Unlike in the Cold War, the current Russia-United States confrontation is asymmetrical, which carries different dangers. Cooperation will remain limited and Barack Obama’s successor will most likely take a harsher stance on Russia.
© Vida Press

The good news about the two-year-old confrontation between Russia and the United States is that over the past year it has stabilized and become the “new normal.” The bad news is that this clash looks set to last, and is developing into a military-political conflict in Eastern Europe and a new arms race.

The new standoff is, unlike the Cold War, distinctly asymmetrical. This time around, the scales are clearly tipped in favor of the United States. That has caused Russia to overcompensate by raising the stakes, taking bigger risks, and making sudden moves that wrong-foot its adversary.

Yet this asymmetry, coupled with a sense of moral superiority, also leads the United States to underestimate Russia and view it as a state in progressive decline, interpret the Kremlin’s actions as a bluff, and keep ratcheting up the pressure. An encounter between a Russian and a U.S. airplane or between an airplane and a military ship in the Baltic or Black Sea region could result in the confrontation escalating to a new and much more dangerous level.

This confrontation is deeply rooted. It stems not from a lack of understanding or certain errors committed by the two sides—although these have played a contributing role—but rather from the two powers’ exceptionalism. The United States feels that it has no equal in the world, while Russia insists on parity. Essentially, the issue at stake is the world order, the role of the United States in it, and Russia’s status.

This means that even common interests such as nonproliferation of weapons of mass destruction or the fight against Islamic extremism cannot fundamentally change the situation. The very terms of cooperation are hotly debated. Nor is there reason to expect the new U.S. president will improve bilateral relations. Barack Obama’s successor will most likely take a harsher stance on Russia.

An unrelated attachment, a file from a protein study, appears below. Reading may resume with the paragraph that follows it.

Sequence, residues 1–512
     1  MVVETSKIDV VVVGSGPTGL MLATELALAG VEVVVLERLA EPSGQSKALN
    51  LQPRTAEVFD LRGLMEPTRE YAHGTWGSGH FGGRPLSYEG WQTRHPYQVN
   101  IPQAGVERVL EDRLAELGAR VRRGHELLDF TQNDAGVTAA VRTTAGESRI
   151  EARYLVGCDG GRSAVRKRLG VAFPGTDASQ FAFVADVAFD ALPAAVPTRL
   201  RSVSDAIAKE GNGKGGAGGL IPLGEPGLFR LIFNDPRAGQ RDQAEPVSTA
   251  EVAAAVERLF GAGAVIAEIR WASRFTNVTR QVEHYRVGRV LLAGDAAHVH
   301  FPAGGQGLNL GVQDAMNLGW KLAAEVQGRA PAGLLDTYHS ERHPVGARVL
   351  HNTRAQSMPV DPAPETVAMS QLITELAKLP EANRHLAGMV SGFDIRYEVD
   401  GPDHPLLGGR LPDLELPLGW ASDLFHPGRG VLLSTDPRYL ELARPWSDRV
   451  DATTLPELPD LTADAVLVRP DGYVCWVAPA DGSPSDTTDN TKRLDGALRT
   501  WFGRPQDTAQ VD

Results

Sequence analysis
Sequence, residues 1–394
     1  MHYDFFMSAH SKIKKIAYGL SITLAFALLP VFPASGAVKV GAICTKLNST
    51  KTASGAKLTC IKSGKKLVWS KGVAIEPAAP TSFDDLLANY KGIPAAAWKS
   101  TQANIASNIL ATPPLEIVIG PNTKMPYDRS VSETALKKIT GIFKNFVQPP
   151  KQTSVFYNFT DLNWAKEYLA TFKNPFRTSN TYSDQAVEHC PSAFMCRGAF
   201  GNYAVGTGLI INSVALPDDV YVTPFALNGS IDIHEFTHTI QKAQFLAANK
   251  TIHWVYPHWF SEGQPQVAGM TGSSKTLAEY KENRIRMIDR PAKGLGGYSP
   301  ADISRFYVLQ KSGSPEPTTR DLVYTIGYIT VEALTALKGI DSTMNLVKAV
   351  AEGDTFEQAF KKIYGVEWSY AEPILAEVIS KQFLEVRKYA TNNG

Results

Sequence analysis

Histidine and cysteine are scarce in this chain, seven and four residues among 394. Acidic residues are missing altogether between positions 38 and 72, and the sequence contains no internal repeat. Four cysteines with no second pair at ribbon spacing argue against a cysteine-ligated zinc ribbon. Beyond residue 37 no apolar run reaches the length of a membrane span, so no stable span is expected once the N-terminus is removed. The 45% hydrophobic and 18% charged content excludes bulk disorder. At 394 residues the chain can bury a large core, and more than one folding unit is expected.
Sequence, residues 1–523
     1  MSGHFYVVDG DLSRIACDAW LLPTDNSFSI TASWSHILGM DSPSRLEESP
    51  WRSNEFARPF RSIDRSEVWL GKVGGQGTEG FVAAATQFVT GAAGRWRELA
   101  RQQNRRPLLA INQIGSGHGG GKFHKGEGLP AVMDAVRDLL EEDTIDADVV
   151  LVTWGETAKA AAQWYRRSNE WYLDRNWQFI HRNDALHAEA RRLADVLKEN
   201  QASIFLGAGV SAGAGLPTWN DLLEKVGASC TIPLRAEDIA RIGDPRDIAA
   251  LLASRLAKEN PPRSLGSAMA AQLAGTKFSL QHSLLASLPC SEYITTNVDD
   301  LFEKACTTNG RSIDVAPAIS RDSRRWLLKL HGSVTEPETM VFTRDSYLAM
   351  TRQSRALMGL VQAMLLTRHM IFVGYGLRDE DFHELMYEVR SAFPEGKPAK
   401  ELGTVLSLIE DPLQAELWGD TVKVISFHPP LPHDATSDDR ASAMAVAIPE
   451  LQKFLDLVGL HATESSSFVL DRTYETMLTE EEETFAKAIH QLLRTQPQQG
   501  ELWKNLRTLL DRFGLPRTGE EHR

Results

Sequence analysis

Hopes that Western sanctions against Russia will be eased or repealed are unlikely to materialize soon. U.S. sanctions are definitely here to stay for a very long time and EU sanctions, due to be renewed this summer, are also likely to continue for a while, despite attempts by certain politicians to lift them.

U.S.-Russian relations should be viewed in a broader context. The quarter-century-long Pax Americana—a period when no one seriously contested American dominance—ended in the mid-2010s. Analysis of this phenomenon has previously focused on the word “Americana,” alluding to American hegemony and a unipolar world. However, there is also the other element, the “pax,” meaning generally cordial relations among all major world players. This time of peace and tranquility has come to an end and key world powers—the United States, China, and Russia—have entered a new phase of rivalry.

It is too early to seek a way out of this confrontation given current realities. The situation is still fluid and the outcome of the conflict is not set in stone. The Kremlin is fighting hard against a stronger opponent, but the most it can do is buy some extra time. The key question is whether Moscow will be able to use this time to build up its case to assert itself, once again, as a leading superpower and improve its financial, economic, research, technical, cultural, and technological resources.

Russia is likely to spend much of its energy in the near and medium term managing its confrontation with the United States. This chiefly means preventing incidents involving servicemen from either country, freezing the conflict in the Donbas, and sustaining stable and reliable contacts with influential individuals in the United States so that certain actions taken by Moscow or Washington are not misinterpreted, with dangerous results.

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Republished with permission from Carnegie

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